What is PageRank?
Last Updated: November 19th, 2013
By Adam Bilter
PageRank is the number that Google assigns to each website and even each website page within its index, on a scale of 0 to 10,
to display its algorithm's calculated assessment of the overall importance of the site and even how it would rank in search
results. The PageRank algorithm is named after Google founder, Larry Page. The actual definition of pagerank according to
PageRank works by counting the number and quality of links to a page to determine a rough estimate of how important the
website is. The underlying assumption is that more important websites are likely to receive more links from other websites.
The days of trying to fool Google's algorithm by building high quantities of links are long gone. Recent Google algorithm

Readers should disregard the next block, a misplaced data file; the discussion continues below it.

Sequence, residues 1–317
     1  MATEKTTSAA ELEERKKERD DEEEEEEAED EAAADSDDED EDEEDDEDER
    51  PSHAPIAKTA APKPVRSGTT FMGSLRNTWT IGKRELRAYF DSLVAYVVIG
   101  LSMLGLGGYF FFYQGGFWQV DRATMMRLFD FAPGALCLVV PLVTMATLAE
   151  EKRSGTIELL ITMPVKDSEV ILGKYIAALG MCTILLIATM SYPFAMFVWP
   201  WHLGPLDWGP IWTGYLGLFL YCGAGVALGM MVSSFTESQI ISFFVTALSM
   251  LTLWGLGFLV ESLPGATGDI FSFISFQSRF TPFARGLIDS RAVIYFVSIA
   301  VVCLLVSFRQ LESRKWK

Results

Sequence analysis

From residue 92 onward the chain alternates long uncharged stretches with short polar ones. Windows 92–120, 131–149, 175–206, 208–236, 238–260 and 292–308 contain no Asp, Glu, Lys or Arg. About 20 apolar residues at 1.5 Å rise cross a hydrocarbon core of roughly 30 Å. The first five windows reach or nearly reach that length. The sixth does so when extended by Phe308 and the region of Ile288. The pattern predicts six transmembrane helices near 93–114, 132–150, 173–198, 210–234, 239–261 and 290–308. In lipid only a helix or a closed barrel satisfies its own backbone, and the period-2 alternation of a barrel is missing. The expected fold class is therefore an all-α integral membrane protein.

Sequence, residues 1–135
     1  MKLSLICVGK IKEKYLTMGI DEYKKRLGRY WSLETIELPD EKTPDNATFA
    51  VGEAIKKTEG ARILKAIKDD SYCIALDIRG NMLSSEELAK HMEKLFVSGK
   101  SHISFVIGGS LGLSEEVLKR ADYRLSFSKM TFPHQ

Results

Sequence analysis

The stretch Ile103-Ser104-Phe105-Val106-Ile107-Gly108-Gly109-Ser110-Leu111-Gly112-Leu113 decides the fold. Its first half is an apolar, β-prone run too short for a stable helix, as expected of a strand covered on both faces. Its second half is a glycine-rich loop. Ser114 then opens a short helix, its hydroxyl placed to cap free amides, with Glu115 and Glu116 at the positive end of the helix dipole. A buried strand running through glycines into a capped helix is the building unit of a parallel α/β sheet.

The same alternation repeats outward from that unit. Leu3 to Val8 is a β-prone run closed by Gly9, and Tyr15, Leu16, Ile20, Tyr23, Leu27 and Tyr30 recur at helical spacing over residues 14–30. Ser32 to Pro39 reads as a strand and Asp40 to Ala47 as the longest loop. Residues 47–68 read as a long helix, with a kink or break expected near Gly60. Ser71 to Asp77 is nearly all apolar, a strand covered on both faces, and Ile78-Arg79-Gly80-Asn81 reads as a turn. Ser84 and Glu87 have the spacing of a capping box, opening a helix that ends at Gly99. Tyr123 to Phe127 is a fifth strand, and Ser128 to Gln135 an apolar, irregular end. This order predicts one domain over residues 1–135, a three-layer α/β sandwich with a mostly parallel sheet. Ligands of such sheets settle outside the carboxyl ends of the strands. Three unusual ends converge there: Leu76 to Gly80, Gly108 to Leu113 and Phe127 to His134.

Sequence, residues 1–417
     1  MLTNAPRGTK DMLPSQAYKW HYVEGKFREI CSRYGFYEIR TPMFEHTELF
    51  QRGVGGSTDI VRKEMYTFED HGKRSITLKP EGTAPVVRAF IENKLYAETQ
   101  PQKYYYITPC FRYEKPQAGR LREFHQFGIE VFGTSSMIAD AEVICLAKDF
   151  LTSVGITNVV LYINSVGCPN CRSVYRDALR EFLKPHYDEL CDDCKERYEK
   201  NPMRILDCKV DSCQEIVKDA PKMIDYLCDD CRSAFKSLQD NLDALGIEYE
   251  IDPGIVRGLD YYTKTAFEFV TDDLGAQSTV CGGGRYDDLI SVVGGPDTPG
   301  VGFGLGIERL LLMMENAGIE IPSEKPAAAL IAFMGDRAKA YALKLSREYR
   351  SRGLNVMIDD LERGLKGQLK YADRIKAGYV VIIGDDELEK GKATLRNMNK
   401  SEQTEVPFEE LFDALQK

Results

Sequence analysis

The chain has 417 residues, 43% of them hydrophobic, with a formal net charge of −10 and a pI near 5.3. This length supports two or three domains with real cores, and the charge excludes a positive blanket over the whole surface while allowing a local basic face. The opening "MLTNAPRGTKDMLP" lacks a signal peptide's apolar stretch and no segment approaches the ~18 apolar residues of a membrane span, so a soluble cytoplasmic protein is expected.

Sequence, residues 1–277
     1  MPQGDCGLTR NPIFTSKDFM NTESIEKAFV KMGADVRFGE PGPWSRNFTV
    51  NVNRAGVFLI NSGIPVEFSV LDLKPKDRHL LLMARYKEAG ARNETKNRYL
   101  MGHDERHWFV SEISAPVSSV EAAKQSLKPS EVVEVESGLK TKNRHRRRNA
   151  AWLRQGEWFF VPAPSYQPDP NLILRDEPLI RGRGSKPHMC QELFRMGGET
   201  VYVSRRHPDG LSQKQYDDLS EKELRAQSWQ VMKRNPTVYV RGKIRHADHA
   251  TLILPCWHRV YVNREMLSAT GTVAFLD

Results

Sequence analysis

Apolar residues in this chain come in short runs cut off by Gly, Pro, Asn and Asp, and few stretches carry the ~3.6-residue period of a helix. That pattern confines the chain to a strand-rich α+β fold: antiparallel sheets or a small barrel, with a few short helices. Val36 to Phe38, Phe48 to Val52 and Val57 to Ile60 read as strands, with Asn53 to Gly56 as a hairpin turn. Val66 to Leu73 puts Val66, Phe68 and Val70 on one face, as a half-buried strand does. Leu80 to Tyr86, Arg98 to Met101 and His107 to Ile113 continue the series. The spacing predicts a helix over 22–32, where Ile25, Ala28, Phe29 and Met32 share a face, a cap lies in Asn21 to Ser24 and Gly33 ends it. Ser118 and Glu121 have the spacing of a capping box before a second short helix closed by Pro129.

updates determine pagerank, not only by the quantity of links, but more importantly, the quality of links. Simply put,
a link to your site from a PageRank 5 site has more weight than a link to your site from a PageRank 4 site. The actual
algorithm is quite complex. However, the bottom line is that the higher the PageRank of your site, the better it should rank
in search results, when compared to similar sites.
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Google only updates PageRank once every once in a while, typically once every 3 to 4 months. Here is a list of the latest updates: